If you’re like most of us, you have paint cans of all sizes and colors stacked like a giant Jenga game in your basement or garage. Some are filled with usable paint and staining material. Others, though, are as old as the house, with paint so hard you could saw it into bricks.
It’s time for some spring cleaning. According to This Old House Magazine, here’s how to approach the task:
If the can is mostly empty: If it’s filled with latex paint, mix in a hardener—This Old House suggests Krud Kutter Waste Paint Hardener from Lowe’s—or cat litter. This will dry up the paint, which you can then throw away. Cans of oil-based paint are hazardous waste and must go to a collection center.
If you have enough left for touch-ups: The paint will stay usable longer if you transfer it to a can that’s the right size for what remains. This Old House suggests Behr’s 1-quart Metal Paint Bucket and Lid from Home Depot. Be sure the new can is labeled with the paint brand, the color, and where in the house you used it. Store it in a cool, dry place.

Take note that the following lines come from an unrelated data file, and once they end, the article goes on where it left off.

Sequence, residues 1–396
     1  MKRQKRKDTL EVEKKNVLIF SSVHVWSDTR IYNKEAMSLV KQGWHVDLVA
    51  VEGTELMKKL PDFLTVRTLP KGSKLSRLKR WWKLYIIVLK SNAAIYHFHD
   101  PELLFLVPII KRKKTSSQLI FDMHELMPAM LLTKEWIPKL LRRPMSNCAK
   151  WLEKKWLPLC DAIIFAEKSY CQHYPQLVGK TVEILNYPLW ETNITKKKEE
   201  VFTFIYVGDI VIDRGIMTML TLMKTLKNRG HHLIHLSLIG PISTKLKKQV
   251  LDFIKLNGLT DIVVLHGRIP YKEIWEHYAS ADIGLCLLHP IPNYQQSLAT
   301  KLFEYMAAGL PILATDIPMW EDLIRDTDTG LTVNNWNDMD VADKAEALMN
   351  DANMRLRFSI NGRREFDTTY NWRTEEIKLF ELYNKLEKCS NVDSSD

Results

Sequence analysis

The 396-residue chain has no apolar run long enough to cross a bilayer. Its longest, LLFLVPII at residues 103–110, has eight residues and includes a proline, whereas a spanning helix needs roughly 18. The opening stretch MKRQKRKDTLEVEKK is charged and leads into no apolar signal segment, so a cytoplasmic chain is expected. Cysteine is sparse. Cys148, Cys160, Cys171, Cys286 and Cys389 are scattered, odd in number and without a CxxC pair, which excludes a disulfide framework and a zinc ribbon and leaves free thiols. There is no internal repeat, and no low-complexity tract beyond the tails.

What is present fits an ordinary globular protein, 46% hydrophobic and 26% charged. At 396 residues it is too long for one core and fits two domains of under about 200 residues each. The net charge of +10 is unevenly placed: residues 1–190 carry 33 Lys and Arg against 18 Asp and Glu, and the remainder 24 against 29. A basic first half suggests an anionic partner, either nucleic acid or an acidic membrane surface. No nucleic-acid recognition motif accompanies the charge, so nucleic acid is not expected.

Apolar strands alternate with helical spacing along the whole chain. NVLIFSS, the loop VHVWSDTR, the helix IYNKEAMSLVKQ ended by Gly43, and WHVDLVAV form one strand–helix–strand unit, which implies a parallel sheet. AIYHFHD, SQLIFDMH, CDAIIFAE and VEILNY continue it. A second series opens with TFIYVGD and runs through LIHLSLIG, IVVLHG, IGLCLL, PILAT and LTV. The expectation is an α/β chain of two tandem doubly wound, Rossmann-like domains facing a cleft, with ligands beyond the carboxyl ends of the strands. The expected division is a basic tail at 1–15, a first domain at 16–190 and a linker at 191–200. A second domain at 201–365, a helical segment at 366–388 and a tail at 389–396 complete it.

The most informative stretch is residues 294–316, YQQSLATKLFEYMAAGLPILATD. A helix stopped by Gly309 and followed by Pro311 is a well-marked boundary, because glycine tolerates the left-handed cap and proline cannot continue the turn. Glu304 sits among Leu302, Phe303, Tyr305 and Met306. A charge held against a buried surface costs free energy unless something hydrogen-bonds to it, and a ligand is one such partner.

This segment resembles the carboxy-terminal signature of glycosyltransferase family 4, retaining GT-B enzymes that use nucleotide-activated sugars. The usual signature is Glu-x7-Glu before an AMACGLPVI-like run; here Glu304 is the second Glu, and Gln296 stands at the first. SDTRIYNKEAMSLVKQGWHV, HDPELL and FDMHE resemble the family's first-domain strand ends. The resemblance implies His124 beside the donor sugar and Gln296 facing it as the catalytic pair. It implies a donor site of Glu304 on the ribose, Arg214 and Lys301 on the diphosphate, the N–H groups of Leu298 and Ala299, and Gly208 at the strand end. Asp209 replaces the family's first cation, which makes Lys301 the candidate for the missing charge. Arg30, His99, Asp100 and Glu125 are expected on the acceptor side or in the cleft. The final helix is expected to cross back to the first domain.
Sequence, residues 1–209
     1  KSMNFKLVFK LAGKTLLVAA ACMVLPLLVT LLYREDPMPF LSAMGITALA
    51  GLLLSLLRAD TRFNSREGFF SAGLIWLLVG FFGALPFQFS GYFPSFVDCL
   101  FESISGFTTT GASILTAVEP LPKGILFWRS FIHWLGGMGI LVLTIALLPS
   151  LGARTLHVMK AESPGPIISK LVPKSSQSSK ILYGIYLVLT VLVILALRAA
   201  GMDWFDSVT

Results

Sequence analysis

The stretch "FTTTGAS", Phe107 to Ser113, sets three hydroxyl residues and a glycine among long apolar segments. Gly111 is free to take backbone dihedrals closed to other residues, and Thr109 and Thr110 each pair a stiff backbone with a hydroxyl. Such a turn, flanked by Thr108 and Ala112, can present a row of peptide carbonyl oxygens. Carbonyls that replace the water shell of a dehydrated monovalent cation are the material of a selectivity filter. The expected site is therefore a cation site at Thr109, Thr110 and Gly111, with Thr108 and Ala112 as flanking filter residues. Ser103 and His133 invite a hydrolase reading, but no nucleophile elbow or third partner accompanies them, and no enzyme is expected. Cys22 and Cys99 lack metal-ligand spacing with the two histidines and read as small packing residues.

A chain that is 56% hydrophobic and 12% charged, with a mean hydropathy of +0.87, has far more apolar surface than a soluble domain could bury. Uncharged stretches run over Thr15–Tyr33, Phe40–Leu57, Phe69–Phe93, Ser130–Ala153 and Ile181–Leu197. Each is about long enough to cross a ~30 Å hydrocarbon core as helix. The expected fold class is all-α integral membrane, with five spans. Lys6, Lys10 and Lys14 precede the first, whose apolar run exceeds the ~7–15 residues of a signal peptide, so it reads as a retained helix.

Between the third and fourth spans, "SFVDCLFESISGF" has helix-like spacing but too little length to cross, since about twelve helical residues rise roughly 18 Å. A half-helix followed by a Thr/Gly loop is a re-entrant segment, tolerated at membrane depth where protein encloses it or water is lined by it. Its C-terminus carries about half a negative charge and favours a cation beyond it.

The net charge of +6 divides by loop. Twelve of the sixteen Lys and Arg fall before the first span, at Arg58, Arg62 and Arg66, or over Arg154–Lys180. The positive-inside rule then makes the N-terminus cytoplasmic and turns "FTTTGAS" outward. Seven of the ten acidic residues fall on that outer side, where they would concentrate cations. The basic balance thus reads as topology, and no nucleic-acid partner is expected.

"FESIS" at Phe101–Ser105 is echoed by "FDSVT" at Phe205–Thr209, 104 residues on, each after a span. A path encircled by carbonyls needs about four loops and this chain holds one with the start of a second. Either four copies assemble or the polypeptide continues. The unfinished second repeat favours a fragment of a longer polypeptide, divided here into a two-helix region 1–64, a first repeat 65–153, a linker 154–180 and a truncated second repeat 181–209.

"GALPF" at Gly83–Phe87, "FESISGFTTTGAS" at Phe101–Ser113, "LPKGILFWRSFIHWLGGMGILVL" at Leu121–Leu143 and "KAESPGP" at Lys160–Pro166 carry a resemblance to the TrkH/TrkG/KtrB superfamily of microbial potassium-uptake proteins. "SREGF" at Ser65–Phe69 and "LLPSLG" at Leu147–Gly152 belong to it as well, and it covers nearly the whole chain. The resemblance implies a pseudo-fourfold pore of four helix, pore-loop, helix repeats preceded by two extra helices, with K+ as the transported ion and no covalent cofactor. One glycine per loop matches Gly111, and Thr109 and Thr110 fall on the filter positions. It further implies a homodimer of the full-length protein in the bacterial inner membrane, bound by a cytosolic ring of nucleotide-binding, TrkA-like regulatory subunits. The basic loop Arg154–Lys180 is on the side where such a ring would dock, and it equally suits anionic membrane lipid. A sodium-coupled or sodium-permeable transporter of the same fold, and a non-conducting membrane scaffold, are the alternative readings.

If you have nearly a whole can: Wipe any paint drips from the can with a rag. Then make sure the can is closed tight by tapping the top with a rubber mallet. Remember to label it with the date you used it and where in the house it was applied.
If you have full, unopened cans: If you can’t return them to the store, pay it forward by donating the paint to school theater groups that may need it for their stage backdrops.
To get rid of any leftover paint no longer needed: Go to PaintCare.org. The organization recycles paint and has many drop-off locations throughout Colorado.